You may even know my Creek relatives from Okmulgee and I know that the CNO has had dealings with my relatives in Muskogee.  I tried in the Bird administration to make peace with them but that administration was too uppity to consider doing such a thing.   Now the average Cherokee is paying for it.    I will check with the relatives and connect you off list if they agree but let me just say that the politics of government involvement is not unfamiliar to me.   I was born in Ada and grew up in Picher and my father was the School Superintendent who had to deal with the government for the schools and Johnson O'Malley.  

As for nuage.   I would suggest that speaking metaphorically is not the sole property of the children of Fritz Perls.    They learned it from Indian people and traditional Ojibwa people in Canada at that.    

Must go now but will answer all of the questions as my time permits.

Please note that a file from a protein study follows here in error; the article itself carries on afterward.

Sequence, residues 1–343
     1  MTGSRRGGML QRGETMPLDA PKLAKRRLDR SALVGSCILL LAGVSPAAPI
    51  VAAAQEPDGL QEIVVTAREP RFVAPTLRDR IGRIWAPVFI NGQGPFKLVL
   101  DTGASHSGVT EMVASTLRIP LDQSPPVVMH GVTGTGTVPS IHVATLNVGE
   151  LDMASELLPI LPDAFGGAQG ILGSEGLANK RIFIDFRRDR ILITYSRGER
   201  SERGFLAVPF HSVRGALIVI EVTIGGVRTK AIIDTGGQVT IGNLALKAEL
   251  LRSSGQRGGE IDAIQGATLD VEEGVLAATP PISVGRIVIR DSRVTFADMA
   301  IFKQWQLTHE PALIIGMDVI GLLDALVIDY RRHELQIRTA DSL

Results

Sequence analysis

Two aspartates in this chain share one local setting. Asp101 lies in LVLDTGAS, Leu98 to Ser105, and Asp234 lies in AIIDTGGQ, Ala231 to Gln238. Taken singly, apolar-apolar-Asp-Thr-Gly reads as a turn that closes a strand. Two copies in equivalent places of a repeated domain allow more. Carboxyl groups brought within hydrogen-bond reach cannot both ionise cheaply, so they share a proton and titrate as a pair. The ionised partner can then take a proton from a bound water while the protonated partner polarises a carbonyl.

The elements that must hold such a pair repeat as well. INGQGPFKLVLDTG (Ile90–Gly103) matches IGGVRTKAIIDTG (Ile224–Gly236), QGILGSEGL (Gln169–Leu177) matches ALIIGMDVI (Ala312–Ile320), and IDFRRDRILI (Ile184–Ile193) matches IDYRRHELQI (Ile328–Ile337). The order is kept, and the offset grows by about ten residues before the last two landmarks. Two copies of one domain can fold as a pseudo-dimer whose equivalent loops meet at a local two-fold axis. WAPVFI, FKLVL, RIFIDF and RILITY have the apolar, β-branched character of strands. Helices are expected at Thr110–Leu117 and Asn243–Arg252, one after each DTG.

oneh dodada gohv'i  

Ray Evans Harrell  

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RAY EVANS HARRELL, artistic director
THE MAGIC CIRCLE OPERA REPERTORY ENSEMBLE, Inc.
THE AMERICAN MASTERS ARTS FESTIVAL BIENNIAL
200 WEST 70TH, SUITE 6-C
NYC 10023
NUYAGI KEETOOWAH SOCIETY, Inc.&  

Offline educatedindian

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Re: Ray Harrell & "Keetoowah of Pomona NY
« Reply #2 on: April 20, 2005, 02:57:20 pm »
 Re: Nuyagi Keetoowah Society of Pomona NY
« Reply #40 on: Apr 18th, 2005, 1:48pm »  Quote  Modify  

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Osiyo Joseph,  

He doesn't.